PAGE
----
• (Just ask Edgar Wright, who left the Ant-Man directorial chair when Marvel began adding characters and through lines from its other films into his.)
    • In particular, Whedon says he poured himself into the movie’s big villain, Ultron. A peacekeeping robot gone wrong, Ultron seeks to destroy his creator Tony Stark (Robert Downey Jr.) and regularly rants about humanity’s feeble failings. That sort of comic-book motivation could come off as one-note in another filmmaker’s hands, but “Ultron’s pain is very, very real to me,” said Whedon. “He can’t control the way his pain makes him behave.” Whedon pauses, his soft voice grown even softer. “And I can relate to that.”
    • “I was like, ‘Good luck, you’re welcome!’” laughed Whedon. “But when I read the comics, Thanos was the guy behind the guy. He was always the great evil deity, and eventually, it’s gonna come down to facing Thanos.”
    • Whedon’s first cut of Age of Ultron came in at nearly three and a half hours; eventually, he and Feige worked together to slice the film down to 142 minutes. “There’s one or two things that I’m unhappy about nothaving in there, but they’re small,” said Whedon.
    • “Is it perfect? It is not,” said Whedon. “Is it me? It’s so baldly, nakedly me. To do something that is as personal as this movie is—on that budget, for a studio that needs a summer tentpole—is an extraordinary privilege.”
    • The F-35 program has become something of a dark comedy. Yes, it has huge fiscal and national security implications, but sometimes you just have to laugh at how big of a fumbling mess it really is.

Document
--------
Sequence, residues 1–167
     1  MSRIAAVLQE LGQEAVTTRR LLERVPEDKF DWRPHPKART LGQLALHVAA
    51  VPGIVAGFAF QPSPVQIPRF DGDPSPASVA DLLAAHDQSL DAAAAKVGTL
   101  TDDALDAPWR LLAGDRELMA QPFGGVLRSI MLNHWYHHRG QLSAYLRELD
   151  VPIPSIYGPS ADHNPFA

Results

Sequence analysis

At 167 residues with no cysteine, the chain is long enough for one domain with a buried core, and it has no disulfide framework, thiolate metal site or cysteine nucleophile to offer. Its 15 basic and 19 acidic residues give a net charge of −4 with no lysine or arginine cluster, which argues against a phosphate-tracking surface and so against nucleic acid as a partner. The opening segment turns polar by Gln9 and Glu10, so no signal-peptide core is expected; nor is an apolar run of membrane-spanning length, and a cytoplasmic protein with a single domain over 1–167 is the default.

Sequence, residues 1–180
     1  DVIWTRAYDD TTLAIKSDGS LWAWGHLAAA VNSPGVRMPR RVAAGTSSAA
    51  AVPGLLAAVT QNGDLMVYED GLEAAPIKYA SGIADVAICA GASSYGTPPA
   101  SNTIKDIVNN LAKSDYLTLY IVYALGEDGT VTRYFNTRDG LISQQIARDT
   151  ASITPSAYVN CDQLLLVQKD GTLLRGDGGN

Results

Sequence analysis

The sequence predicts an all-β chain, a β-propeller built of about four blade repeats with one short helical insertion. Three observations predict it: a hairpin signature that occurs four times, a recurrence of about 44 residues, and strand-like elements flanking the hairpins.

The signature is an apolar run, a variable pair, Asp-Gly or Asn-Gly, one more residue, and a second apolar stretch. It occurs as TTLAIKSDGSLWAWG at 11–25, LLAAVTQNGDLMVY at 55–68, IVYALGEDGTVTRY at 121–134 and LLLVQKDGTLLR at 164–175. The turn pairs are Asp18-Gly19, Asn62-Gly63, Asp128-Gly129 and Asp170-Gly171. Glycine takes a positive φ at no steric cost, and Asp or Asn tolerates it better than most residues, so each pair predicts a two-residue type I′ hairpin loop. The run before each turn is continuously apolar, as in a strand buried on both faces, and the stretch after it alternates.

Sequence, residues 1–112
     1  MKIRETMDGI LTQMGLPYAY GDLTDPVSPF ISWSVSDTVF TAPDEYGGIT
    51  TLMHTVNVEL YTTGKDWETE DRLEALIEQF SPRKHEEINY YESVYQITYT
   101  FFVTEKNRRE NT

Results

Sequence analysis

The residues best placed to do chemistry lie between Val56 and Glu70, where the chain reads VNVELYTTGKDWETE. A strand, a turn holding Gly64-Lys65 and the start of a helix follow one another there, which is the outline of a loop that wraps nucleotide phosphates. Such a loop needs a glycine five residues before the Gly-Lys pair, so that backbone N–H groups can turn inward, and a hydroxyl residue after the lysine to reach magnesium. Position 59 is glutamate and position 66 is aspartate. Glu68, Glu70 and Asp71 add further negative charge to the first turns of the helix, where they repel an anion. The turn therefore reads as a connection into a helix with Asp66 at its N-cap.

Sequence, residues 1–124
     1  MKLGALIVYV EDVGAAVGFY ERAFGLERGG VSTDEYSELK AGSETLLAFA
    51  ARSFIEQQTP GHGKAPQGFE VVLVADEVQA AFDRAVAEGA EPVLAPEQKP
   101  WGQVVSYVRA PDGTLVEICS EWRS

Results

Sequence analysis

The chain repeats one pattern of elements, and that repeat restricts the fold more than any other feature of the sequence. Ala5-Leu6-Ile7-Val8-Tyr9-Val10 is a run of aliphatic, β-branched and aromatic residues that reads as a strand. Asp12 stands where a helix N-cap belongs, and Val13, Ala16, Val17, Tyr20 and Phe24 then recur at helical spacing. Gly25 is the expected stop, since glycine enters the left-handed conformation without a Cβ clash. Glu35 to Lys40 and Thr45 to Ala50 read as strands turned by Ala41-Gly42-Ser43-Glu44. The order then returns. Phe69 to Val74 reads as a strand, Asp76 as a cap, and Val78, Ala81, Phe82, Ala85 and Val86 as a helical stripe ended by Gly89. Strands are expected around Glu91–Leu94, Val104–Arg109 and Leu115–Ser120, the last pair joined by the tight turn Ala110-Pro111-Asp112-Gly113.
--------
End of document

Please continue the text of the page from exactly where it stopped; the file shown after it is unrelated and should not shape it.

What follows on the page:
• “Exciting but a real challenge… By fiscal year 2018 we’ll have the first ever F-35s deployed… The integration council is really drilling down into what those requirements are… It’s not going to be how we operated the Harrier. This is fifth generation… What’s the requirement for the F-35 to be able to communicate and disseminate data across the battle force?
    • So even though the F-35 has been flying for almost a decade, its avionics testbed the CATbird flying long before that, and the fact that dozens of jets are serving in multiple non-test squadrons today at places like the USAF Weapons School, AND with the reality that the USMC is going to declare this aircraft operational in a few months, how doesn’t the Navy know what tech it needs to exchange information with it?
    • The F-35’s data-link, known as Multi-function Advanced Data Link, is stealthy in nature as it uses low power, has low probability of intercept functions (jumping frequencies, quickly bursting data etc) and utilizes a series of antennas mounted all around the jet under the aircraft’s skin to send data directly to other F-35s within line of sight.
    • You call the lack of a well deck a bad thing. We in the DoD call it an excellent opportunity to use the Osprey to handle all the significant logistical needs of the entire aircraft carrier. I think I just justified purchasing another squadron! I bet my supervisor will put me in for an award.

Posted from Diigo. The rest of my favorite links are here.